Artist John Storrs's Gentle, Dreamy Take on Machine-Age Modernity
July 06, 2011

Is quality a question of character? The thought has occurred to me in the past few days, precipitated by the work of the sculptor John Storrs, the subject of a small retrospective closing at the Grey Art Gallery in New York at the end of the week. Storrs—who although he died in 1956 is best known for work evoking machine-age forms mostly done by the end of the 1920s—is an artist whose achievement is so much more than the sum of its formal powers that I find myself somewhat mystified.

PSAs on Daytime Television, Ads in Magazines, and More: Meet the FBI’s P.R. Shop
July 02, 2011

When I was in high school, a certain former president moved to town, along with his ambitious wife, eager to establish herself as a bona fide—if recent—New York transplant. Select excursions into the quiet downtown, a few lunches at the local diner, and a visit or two to the public schools followed their arrival. Increased security became commonplace, but I was still surprised one day to see burly men in jackets emblazoned with “FBI” prowling the school grounds.

Whitey Bulger: Why Bostonians Are So Obsessed With Him
June 29, 2011

I doubt the rest of the country is as preoccupied with all things Bulger as we are here in Boston. After several days, still the chit chat—everywhere—is about getting Whitey. (Do you think the FBI wanted him not to be found?

Franklin: When Will Gay Marriage’s Time Come in Literature?
June 28, 2011

It is a truth now occasionally, if not yet universally, acknowledged: that a single man, whether or not he possesses a good fortune, could be in want of not a wife, but a husband. The passage last weekend of New York’s historic same-sex marriage bill, which made the state the largest to join the gathering movement, was thrilling to all supporters of equal rights.

Government Jobs and the Economic Recovery in Metropolitan America (Updated June 24, 2011)
June 27, 2011

The current edition of Brookings’ MetroMonitor shows that government job growth is associated with the economic performance of America’s metropolitan areas since the beginning of the recession. Among the nation’s 100 largest metro areas, the 20 that have done the best since the recession started (taking into account recovery of jobs, output, unemployment rates, and house prices) are Augusta, Austin, Boston,   Buffalo, Columbus, Dallas, El Paso, Honolulu, Jackson, Knoxville, Little Rock, Madison, McAllen, Nashville, Oklahoma City, Omaha, Pittsburgh, Rochester, San Antonio, and Washington. Of th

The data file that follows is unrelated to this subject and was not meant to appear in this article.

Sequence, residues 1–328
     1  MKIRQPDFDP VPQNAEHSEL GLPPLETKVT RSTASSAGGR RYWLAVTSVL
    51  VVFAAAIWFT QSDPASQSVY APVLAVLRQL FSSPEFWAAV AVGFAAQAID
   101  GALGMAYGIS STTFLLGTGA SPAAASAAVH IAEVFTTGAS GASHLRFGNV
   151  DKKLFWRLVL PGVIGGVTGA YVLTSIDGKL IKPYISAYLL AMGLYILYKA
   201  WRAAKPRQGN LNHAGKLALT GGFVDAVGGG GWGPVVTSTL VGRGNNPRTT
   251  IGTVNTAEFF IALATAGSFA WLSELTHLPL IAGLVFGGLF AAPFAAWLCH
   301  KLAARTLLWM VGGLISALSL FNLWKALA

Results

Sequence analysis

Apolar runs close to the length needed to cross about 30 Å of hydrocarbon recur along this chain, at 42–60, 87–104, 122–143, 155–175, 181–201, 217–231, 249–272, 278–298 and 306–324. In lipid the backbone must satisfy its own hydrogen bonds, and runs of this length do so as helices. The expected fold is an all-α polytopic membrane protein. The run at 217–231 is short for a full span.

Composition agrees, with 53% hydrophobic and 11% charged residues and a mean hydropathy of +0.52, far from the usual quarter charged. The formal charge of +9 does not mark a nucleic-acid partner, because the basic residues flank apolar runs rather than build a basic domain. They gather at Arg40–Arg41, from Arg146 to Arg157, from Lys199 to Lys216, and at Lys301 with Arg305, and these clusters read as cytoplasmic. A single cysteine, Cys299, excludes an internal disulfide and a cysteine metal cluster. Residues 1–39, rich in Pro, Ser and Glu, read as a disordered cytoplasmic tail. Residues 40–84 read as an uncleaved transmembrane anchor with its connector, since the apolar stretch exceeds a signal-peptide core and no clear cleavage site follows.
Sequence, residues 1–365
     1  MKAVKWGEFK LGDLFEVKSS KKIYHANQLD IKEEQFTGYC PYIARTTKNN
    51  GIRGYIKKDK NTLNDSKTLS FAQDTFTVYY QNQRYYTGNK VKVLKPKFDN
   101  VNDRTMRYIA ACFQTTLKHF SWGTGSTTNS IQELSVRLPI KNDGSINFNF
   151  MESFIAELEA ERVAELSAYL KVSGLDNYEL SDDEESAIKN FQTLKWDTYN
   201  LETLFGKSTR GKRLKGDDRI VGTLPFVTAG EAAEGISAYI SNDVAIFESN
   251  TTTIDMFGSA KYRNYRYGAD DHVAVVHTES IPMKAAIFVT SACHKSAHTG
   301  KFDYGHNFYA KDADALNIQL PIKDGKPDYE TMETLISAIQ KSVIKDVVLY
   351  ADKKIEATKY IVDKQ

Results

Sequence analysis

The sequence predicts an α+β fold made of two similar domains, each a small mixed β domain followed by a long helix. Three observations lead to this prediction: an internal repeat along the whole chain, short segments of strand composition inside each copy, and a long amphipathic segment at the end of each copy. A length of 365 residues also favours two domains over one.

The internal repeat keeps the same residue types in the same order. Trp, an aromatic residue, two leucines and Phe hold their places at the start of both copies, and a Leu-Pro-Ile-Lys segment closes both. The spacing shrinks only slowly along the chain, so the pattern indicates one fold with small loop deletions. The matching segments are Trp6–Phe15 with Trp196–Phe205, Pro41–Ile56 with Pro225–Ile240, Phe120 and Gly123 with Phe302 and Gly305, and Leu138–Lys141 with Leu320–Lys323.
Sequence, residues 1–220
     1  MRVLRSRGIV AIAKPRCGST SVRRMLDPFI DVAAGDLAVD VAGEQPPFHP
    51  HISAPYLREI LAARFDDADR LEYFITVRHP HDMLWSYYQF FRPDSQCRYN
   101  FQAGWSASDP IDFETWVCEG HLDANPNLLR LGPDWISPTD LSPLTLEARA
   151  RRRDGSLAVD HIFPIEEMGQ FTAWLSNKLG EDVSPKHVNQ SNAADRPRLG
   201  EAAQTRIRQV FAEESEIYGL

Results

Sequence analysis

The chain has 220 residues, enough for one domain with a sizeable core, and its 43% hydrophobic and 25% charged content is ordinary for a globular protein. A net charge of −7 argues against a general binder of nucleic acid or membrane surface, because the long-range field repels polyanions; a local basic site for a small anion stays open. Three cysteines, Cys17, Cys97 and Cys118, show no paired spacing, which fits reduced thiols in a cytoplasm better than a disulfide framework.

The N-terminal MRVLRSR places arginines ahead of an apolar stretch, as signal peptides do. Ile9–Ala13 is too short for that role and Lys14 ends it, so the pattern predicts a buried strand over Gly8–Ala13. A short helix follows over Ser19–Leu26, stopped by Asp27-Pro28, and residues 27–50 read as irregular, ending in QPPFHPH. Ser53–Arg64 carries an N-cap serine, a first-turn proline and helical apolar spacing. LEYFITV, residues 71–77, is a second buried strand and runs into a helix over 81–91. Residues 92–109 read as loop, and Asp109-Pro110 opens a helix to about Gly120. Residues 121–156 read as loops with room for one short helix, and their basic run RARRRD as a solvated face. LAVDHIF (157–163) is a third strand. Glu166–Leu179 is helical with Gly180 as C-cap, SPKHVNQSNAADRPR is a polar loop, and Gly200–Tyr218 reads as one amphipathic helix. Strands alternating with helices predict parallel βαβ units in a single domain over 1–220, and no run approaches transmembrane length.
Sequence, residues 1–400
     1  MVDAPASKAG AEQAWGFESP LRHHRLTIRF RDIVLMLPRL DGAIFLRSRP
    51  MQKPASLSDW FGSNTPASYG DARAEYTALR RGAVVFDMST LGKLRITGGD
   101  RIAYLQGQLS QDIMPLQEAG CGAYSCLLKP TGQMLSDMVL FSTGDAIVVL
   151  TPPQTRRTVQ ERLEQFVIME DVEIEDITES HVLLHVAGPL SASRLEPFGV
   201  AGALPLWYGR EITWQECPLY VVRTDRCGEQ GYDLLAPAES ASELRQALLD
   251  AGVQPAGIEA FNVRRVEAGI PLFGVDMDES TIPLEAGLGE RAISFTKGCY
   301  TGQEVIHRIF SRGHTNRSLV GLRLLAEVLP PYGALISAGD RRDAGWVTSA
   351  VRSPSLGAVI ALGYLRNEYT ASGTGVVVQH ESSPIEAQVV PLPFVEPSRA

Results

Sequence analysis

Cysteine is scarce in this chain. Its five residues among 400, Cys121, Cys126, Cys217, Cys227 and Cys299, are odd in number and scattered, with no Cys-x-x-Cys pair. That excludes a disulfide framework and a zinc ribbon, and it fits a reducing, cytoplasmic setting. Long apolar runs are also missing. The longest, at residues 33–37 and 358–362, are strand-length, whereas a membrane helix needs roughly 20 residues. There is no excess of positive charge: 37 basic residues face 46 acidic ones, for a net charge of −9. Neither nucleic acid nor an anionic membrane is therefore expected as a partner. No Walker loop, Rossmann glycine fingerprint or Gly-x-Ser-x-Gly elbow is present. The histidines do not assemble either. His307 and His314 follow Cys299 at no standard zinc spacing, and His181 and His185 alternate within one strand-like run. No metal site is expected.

"The Departed," Whitey Bulger, and America's Most Wanted
June 23, 2011

There was more good news about the FBI's Ten Most Wanted list today: Just seven weeks after being able to mark "DECEASED" over Osama bin Laden's photo, the bureau can now mark "CAPTURED" over the picture of James "Whitey" Bulger, the South Boston mob boss wanted for 19 murders, not to mention racketeering, narcotics distribution, and extortion.

Government Jobs and the Economic Recovery in Metropolitan America
June 22, 2011

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Metropolitan Boston ... #winning
June 17, 2011

with Carey Anne Nadeau With the Bruins’ defeat of riot-prone Canucks (who’d have thought?) Wednesday night in Game 7 of the Stanley Cup Finals, the Boston area has now laid claim to a championship in each major American sports league (NHL, NBA, NFL, MLB) within the last seven years. The New England Patriots won their last Super Bowl in 2005; the Boston Red Sox won the World Series in 2007; and the Boston Celtics won the NBA title in 2008.  Our analysis confirms that, indeed, Boston is the first metro area to achieve the distinction of having held all four major sports titles within such a sho

Metros Turn Up the Heat on Addressing Climate
June 02, 2011

As the heat and humidity settle into Washington for the season and the hope that Congress might one day take action to prevent a warming climate melts away, readers can find some relief in a recent spate of reports emanating from across metro America.   Metros, where 84 percent of the nation’s population live and work, will be on the frontlines of adaptation to climate change. Unsurprisingly then, a network of pragmatic metro leaders are taking the adaptation imperative seriously. They’re acting—on data and empirical evidence, no less!—to prepare for a future that will disrupt human geography

Trapped on an 'Island' of Transit Isolation
May 31, 2011

with Louis Liss Looking at job access by transit in metropolitan America certain things emerge that were to be expected in most places; because transit has long been a city-oriented service and a lot of transit agencies operate from the “hub-and-spoke” model inherited from centuries past--that is, the old tradition of running most of the lines into downtowns. From that, cities like Chicago, Boston, and Cincinnati have systems that have almost concentric-looking levels of access from high in the central cities to moderate in the inner suburban fringe, to negligible in the coverage outskirts.